NEW YORK (AdAge.com) -- Last spring when Reckitt Benckiser said it would take $20 million of its marketing budget out of TV and pour it into web video, it sounded like manna from heaven for a medium starved for dollars and attention and in the teeth of a recession.
But then web video execs saw the fine print: this wouldn't be a fat Hulu.com-like video buy where it can cost $40 or more to reach 1,000 viewers on shows like "30 Rock" and "Arrested Development." Nope, Reckitt was looking to buy pre-roll at $2 to $4, or even as low as $1, rates comparable to remnant display-ad inventory sold on an ad network. Think news video, casual gaming and low-end lifestyle sites, all of which can stand in as proxies for the daytime TV audiences that Reckitt wants to reach.
What's more, Reckitt Benckiser set up an elaborate reporting system to assure it never pays for an impression when it shouldn't. Reckitt won't pay for an impression when an ad is requested from its ad server -- as is typical -- but only when an ad completely loads, along with technology that initiates a consumer click to finish the pre-roll ad and start the video.
So, the marketing world, and particularly the niche of online video, was left with a conundrum. Video sites had waited for years for the first big, bad package-goods marketer to shift a piece of its massive TV budget and take a flier on the space. And Reckitt Benckiser, with its scientific marketing, $475 million measured-media budget, and brands such as Lysol, Jet Dry, Air Wick and Clearasil, certainly filled the bill.
But Reckitt turns out not to be the white knight video execs were expecting. It's wielding a hefty budget, true, but demanding such a low CPM rate that even video ad networks took a pass, let alone publishers trying to stay afloat in a down advertising market. Initially, four ad networks -- all venture-funded startups -- agreed to take the buy, Brightroll, Glam Media, TidalTV and Yume. That was an unpopular decision among some of their peers, both publisher and ad networks, who feared the buy -- probably the biggest single investment in web video by a marketer -- would drag down rates across the market.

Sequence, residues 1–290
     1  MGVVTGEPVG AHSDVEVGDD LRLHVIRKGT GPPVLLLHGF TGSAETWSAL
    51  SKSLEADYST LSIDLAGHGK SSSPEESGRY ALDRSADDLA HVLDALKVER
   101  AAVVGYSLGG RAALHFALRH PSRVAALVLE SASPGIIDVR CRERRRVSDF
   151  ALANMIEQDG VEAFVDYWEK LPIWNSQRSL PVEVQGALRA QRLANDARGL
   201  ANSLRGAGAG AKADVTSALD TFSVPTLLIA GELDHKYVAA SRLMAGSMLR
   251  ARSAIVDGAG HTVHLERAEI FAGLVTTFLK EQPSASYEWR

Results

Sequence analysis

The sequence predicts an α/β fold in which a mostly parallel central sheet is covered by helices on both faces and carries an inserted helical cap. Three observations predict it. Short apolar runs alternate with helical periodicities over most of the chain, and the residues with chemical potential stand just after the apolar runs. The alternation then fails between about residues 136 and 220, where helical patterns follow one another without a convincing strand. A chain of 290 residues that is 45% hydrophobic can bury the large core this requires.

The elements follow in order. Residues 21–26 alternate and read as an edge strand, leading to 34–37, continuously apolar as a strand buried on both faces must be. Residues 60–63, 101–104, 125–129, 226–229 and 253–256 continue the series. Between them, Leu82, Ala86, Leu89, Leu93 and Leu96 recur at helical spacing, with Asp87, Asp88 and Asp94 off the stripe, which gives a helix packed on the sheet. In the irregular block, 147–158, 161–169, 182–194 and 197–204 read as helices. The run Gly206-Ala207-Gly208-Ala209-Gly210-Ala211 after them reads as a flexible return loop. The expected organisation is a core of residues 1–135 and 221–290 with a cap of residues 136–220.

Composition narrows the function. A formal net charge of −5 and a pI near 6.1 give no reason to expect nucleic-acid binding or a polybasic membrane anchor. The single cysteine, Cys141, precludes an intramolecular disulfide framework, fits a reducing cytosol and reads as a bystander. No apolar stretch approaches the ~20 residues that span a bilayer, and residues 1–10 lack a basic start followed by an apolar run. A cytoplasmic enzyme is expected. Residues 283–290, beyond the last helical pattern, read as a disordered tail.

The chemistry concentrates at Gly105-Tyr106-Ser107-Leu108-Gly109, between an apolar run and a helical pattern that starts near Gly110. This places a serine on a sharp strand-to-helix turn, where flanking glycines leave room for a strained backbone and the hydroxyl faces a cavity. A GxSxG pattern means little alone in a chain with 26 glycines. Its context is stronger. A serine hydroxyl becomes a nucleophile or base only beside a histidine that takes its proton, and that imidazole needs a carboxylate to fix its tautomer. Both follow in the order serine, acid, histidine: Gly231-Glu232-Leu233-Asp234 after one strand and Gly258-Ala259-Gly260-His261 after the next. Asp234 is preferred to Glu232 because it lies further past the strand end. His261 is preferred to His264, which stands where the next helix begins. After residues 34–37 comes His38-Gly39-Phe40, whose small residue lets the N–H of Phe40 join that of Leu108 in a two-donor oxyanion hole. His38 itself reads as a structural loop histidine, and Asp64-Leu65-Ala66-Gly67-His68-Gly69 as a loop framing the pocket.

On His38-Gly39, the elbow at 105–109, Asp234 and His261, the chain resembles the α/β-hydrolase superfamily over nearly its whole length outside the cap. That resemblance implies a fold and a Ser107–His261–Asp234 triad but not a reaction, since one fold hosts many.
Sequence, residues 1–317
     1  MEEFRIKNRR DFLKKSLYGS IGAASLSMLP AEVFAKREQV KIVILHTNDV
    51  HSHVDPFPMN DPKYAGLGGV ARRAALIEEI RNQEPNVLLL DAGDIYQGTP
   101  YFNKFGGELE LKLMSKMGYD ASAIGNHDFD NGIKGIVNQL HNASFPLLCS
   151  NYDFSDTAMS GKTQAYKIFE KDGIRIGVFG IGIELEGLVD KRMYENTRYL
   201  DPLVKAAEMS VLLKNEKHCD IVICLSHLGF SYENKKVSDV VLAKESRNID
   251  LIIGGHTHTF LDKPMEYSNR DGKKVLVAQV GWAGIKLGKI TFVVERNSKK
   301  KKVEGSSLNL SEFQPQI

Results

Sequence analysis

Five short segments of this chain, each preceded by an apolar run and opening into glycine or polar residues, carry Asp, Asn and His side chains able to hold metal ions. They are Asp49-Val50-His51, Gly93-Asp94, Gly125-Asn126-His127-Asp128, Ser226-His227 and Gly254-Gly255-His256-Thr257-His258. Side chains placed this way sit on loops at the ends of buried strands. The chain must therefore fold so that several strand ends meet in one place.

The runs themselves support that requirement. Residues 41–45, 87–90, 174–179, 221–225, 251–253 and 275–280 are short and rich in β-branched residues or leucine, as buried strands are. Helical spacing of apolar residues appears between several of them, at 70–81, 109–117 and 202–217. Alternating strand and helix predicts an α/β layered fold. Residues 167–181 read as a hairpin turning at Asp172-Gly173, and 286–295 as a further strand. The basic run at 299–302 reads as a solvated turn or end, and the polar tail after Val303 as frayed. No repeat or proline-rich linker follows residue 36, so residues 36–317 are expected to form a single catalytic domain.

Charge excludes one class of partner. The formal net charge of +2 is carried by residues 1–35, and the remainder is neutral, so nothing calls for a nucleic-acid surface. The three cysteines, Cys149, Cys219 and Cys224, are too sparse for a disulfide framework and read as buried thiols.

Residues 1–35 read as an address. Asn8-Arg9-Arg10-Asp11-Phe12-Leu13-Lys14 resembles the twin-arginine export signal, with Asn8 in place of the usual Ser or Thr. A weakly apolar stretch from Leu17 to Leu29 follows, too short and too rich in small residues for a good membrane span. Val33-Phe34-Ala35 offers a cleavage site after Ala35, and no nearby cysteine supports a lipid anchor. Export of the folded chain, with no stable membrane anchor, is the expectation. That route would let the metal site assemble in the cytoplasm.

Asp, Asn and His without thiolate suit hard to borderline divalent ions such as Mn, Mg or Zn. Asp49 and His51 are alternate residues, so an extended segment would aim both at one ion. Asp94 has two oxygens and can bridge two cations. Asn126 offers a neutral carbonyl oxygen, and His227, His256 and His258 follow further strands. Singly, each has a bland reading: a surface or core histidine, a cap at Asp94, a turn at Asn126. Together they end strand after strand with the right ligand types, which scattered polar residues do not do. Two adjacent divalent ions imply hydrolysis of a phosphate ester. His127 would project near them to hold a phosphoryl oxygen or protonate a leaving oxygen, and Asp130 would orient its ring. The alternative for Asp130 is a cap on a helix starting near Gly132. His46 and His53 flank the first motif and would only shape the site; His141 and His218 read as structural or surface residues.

"The question is, are they losing money on that deal? Likely," asked one media CEO of those that took the buy and who, like others consulted for this article, would very much like to do business with Reckitt Benckiser in the future and asked not to be named.
"I think they are making a mistake in their media strategy, because Reckitt is about premium brands; it won't showcase those brands -- it will schlock them up," said Doug Knopper, CEO of video ad server FreeWheel.
So far, video ad network Brightroll is the biggest recipient of Reckitt's big video spending, and CEO Tod Sacerdoti said it is not losing money. "It's not a loss leader at all," he said. "The reason we wanted to be involved with an advertiser like Reckitt -- aside from the money -- is it is pushing the market in ways most marketers are unwilling or unable to do."
Networks typically keep a fixed percentage, like 40%, and pass 60% on to publishers.
Reckitt Benckiser declined to comment for this article, but Adam Kasper, senior-VP of digital media at its agency, Media Contacts, said the biggest challenge was actually getting the inventory at the budgeted rate. So far the campaign, which began in April, has served 5 billion impressions, and Mr. Kasper believes it will take until December to spend the rest of the $20 million. Part of that is legwork on Mr. Kasper's part, cajoling once-reticent publishers to take the campaign.